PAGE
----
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(«Time Delay Room,» 1974; «Yesterday/Today,» 1975). The eighty-two-minute video «Der Riese» (1982–1983) by Michael Klier consists exclusively of images taken by surveillance cameras, thus suggesting an omnipresent controlling authority. Julia Scher equips museum galleries with so-called ‹security systems› that film visitors and transmit the resultant images all over the exhibition space («Welcome to Security Land,» 1995). Harun Farockis video piece «Ich glaubte, Gefangene zu sehen» (2000) focuses on surveillance technologies in American high-security prisons.
Some artists have been creatively diverting surveillance and security systems, today almost omnipresent in public spaces, since the mid-1990s. The aim here is to develop potential protective or counter-measures against the control device. This can be done for example by converting entertainment electronics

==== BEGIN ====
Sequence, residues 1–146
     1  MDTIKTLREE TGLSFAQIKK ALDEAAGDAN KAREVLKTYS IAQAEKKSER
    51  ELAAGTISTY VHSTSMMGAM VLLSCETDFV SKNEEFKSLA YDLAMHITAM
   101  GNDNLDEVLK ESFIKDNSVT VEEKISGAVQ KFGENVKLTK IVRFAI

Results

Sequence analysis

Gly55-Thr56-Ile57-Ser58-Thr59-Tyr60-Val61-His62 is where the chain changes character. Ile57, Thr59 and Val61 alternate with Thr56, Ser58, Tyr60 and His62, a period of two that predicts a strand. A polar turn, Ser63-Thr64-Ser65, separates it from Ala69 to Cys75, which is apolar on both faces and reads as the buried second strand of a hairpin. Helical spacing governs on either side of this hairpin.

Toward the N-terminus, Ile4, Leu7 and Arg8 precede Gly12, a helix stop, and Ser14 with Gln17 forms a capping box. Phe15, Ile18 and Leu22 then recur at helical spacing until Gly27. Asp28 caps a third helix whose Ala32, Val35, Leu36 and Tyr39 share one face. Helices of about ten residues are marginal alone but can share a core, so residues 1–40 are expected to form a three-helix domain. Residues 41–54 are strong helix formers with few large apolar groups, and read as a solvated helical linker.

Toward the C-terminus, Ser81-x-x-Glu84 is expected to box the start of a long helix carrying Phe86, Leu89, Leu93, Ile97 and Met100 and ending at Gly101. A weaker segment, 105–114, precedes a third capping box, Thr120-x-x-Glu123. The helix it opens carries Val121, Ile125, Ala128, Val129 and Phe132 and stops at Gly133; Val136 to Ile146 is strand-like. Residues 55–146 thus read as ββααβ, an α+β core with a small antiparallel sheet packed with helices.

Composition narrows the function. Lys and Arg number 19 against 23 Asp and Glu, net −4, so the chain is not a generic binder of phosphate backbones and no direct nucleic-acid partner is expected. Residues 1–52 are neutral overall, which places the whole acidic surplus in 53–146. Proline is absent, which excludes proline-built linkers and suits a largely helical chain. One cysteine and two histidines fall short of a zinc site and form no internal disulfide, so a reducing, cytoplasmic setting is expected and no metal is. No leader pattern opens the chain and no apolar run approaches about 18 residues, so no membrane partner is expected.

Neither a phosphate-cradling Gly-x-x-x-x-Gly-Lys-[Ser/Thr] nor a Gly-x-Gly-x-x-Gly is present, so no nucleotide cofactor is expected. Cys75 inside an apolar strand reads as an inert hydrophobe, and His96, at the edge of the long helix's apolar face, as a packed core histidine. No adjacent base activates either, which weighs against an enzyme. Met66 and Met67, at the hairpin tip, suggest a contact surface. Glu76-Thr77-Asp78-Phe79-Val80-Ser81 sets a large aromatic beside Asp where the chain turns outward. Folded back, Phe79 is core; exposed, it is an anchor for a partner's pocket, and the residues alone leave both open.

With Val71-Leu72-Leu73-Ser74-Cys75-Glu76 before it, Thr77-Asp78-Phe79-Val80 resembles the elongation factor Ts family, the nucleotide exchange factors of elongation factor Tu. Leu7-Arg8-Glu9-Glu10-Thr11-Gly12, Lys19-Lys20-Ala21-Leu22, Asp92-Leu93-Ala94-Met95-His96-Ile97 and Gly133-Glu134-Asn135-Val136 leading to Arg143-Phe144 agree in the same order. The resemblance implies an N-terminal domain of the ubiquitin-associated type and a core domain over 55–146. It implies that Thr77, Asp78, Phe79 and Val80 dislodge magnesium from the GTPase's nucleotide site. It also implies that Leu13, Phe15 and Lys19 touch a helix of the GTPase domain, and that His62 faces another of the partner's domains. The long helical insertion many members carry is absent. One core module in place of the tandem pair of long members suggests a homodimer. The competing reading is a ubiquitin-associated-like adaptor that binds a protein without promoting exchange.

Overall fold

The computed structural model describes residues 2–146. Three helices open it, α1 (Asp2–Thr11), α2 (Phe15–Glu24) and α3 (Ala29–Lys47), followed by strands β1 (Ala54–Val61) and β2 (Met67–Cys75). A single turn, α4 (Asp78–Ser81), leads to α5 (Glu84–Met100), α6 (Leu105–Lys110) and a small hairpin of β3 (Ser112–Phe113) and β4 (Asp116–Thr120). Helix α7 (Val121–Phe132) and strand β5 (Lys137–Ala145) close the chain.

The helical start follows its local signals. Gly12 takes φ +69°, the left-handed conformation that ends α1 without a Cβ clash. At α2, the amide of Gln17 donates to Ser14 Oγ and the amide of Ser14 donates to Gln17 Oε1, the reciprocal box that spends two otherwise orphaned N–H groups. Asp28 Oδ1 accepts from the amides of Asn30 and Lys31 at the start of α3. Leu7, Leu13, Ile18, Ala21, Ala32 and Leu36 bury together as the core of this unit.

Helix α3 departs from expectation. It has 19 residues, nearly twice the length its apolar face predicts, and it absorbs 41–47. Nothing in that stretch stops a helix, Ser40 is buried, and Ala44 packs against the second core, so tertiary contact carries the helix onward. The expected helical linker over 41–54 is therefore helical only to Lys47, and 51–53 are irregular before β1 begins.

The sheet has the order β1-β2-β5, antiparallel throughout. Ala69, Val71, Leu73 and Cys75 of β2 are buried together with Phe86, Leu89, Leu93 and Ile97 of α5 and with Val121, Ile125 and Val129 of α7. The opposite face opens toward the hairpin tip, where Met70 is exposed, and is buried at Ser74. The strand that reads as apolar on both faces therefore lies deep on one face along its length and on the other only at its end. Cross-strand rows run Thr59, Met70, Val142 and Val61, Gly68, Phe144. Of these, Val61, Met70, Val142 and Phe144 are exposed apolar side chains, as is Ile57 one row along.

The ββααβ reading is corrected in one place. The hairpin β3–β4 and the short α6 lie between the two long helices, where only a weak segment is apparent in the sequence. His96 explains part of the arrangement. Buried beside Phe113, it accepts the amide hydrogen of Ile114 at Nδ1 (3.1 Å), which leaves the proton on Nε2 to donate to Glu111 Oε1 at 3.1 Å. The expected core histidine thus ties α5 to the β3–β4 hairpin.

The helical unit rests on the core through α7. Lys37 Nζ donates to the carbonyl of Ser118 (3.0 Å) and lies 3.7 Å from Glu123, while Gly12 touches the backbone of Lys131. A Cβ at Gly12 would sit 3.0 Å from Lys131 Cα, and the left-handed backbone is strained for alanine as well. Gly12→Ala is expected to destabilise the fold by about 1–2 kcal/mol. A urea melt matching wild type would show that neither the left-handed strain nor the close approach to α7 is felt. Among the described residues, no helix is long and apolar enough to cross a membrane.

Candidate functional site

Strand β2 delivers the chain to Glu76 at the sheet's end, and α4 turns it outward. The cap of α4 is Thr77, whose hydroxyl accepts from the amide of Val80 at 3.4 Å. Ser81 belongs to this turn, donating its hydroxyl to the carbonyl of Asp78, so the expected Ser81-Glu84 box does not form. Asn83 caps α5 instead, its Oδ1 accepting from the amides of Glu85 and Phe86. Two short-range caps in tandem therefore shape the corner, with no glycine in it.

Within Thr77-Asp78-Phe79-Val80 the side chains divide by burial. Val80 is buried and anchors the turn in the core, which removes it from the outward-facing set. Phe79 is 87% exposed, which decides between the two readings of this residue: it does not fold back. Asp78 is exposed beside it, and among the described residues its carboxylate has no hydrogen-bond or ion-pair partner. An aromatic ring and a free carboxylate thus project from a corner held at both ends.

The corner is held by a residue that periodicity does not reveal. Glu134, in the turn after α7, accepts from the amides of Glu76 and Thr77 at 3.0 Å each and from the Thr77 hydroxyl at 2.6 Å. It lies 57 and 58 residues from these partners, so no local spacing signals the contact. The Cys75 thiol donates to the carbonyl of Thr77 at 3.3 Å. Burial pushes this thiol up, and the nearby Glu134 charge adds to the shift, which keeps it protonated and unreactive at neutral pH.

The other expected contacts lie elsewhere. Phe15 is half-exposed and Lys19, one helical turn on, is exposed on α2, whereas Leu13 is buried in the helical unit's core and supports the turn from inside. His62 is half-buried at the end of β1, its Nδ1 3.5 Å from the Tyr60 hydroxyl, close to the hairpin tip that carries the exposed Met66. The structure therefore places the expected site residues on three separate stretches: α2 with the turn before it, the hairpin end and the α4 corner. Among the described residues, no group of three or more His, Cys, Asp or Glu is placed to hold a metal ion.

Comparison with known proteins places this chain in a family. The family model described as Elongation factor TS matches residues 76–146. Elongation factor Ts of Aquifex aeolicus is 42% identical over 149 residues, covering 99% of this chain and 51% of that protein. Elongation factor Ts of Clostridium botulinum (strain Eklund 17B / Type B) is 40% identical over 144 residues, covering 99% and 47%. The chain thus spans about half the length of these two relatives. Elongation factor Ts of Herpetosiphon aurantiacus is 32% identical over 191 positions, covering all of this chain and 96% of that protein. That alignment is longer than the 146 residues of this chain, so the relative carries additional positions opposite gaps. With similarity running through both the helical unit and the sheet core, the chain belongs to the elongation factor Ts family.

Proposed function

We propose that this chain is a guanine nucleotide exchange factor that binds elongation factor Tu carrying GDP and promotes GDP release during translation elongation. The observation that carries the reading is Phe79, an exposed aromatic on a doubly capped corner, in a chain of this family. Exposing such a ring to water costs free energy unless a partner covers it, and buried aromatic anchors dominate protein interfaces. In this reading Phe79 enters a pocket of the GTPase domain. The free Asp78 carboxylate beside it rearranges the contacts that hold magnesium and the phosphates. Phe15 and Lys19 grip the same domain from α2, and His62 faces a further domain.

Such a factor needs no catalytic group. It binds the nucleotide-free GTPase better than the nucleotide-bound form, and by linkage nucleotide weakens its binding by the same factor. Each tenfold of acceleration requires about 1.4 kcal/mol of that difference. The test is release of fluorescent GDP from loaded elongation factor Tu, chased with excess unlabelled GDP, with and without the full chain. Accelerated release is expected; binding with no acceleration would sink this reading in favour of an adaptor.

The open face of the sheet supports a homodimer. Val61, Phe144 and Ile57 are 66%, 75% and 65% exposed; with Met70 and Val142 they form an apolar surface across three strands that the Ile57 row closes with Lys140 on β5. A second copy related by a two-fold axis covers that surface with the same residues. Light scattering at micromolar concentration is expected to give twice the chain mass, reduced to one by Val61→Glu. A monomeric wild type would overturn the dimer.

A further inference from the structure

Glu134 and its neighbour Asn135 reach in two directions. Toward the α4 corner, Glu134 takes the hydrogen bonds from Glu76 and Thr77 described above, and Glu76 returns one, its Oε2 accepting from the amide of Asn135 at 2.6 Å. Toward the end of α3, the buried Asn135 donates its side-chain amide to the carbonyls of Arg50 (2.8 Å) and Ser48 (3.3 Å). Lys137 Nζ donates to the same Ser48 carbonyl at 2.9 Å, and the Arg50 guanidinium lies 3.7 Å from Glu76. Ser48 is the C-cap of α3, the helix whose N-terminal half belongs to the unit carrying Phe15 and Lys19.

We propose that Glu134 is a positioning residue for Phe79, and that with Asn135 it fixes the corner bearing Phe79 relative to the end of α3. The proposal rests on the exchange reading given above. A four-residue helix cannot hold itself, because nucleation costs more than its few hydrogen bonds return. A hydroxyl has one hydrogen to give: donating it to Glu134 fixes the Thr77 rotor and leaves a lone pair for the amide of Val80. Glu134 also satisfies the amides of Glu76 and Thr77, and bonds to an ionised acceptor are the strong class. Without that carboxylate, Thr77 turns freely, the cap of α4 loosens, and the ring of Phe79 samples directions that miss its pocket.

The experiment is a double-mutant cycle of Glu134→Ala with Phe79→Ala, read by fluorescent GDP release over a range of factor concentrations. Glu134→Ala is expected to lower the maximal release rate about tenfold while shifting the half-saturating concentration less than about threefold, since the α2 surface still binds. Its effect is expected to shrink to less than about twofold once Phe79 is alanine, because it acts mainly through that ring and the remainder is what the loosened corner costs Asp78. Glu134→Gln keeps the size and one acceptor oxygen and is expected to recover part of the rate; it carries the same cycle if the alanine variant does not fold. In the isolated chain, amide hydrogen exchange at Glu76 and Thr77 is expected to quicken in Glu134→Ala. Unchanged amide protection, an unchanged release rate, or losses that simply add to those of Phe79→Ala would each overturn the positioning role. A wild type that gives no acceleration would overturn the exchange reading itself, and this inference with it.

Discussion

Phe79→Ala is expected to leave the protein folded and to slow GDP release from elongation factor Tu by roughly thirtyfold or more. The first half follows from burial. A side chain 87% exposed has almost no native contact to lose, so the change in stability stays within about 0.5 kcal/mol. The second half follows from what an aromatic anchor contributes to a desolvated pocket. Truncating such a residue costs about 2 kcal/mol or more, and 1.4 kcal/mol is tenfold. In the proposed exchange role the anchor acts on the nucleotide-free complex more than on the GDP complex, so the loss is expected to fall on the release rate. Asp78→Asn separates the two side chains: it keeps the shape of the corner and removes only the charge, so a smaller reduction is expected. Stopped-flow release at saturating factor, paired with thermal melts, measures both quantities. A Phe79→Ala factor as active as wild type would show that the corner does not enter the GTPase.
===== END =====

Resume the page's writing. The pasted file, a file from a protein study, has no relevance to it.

into (self-)surveillance technologies (Bureau of Inverse Technology, 0100101110101101.org) or by unusual use and redesignation of existing surveillance systems (Surveillance Camera Players). One of the earliest Net art projects on censorship is «The File Room» (1994) by Antoni Muntadas. Cases from all over the world of state, religious and political censorship were archived in a database that was openly accessible via the Internet and that users could add to—thus revealing the act of deletion and censorship. The Surveillance Camera Players (SCP) have been performing short plays by Jarry, Poe and Beckett to New York surveillance cameras. The dialogue is not spoken, but displayed on panels—rather like the subtitles in silent films. The audience is made up of the security staff who monitor the surveillance camera pictures, and passers-by who happen to be upon the performance venues. Between 1997–1999, the Bureau of Inverse Technology developed